Drug Driving Offences

Since March 2015, it has been a criminal offence to drive with excess levels of many legal and illegal drugs in your system. Drug driving is a very different offence to police however than drinking and driving is.

Not only are there many different types of drugs included in the legislation, but they all react differently within your body, and in a very different way to alcohol.

Alcohol passes through the body in a fairly uniform way, allowing regulation to be a relatively straightforward process. Strong traces of different drugs remain in the body long after the negative (some might say positive) effects of the drugs has worn off.

This residual drug trace issue has created many legal issues, because in some instances, a driver can record drug levels many times in excess of the legal limit, despite the drug use having happened many days before.

Magistrates & Drug Driving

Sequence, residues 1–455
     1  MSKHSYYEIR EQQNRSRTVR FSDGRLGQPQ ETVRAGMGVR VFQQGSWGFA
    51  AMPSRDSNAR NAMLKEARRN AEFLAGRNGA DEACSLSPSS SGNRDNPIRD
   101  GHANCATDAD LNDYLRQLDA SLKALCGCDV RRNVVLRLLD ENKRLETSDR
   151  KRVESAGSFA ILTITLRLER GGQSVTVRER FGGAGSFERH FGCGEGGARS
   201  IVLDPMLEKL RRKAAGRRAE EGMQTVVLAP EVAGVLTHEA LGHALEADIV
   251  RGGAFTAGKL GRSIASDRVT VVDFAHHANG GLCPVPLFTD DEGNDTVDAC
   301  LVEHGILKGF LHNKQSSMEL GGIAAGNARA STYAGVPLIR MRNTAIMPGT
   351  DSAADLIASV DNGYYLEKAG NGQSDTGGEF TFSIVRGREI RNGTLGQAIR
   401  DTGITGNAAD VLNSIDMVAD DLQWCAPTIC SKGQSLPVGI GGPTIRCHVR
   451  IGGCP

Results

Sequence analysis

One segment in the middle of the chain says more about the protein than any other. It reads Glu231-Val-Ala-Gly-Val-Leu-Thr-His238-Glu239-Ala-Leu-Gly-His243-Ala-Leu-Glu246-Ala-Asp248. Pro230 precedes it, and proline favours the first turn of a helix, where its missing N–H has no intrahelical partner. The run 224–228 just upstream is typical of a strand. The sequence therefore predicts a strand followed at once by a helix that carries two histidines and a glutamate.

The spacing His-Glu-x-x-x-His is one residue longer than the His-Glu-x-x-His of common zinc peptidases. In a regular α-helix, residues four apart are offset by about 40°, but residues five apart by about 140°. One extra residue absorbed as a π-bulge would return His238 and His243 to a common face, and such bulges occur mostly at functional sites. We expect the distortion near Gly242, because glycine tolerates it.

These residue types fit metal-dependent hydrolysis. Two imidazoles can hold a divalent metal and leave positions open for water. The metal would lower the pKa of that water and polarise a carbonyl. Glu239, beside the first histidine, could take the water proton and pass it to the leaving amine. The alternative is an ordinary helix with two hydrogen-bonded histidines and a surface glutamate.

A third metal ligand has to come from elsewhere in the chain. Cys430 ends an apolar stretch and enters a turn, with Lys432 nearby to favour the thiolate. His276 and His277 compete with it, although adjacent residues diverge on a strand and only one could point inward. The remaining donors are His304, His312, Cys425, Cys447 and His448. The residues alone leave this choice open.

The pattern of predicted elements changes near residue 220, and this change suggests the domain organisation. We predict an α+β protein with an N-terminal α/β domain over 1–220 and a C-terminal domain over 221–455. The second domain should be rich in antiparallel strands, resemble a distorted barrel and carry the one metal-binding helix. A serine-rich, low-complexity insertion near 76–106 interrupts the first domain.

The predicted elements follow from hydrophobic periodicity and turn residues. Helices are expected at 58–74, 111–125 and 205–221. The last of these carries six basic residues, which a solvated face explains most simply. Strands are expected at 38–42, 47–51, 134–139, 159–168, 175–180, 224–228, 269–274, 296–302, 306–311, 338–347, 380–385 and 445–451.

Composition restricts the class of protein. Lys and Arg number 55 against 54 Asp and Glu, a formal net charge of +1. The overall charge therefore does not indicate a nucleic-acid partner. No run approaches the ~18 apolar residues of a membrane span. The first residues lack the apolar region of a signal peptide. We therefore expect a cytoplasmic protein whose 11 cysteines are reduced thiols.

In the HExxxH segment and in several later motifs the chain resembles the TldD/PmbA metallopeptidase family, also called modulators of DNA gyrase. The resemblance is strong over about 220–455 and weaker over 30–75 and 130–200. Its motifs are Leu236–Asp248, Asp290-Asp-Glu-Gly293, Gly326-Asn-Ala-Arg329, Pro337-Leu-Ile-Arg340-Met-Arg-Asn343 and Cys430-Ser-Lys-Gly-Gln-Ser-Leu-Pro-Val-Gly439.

Many magistrates have struggled to understand new drug driving laws and applying them proportionately. Drink driving laws have been used in many instances as the benchmark for drug driving offences.

This isn’t totally fair on offending motorists who can record 8 or 10 times the legal limit for some drugs, days after using them & long after their effects have worn off.

If you were to register a reading of 8 to 10 times the drink drive limit, you would enter the record books and also face prison, a 10 year driving ban etc.

Drug driving is a very different offence because of the way that drugs affect you and for how long. If you are stopped, tested and accused of a drug drive offence, you need advice and help to defend your licence. If you don’t proactively defend your offence, you can soon fine yourself penalised very harshly.



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